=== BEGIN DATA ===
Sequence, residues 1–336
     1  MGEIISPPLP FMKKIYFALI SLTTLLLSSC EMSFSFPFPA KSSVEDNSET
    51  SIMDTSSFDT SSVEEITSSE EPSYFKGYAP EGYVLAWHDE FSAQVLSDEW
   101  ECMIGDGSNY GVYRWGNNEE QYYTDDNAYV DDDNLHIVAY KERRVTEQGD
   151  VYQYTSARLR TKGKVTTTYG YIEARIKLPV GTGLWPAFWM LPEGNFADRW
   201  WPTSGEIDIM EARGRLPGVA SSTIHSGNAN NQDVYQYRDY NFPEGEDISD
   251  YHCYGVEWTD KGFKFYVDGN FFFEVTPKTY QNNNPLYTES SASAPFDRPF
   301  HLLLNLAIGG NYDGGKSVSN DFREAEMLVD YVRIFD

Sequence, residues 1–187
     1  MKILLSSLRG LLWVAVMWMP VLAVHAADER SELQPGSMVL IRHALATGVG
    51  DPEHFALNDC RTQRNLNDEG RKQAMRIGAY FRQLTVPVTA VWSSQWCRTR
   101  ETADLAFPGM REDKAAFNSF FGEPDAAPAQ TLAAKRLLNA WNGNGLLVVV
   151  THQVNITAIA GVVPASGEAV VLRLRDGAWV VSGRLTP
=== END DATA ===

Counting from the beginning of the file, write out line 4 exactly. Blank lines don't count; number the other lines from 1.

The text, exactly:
   101  ECMIGDGSNY GVYRWGNNEE QYYTDDNAYV DDDNLHIVAY KERRVTEQGD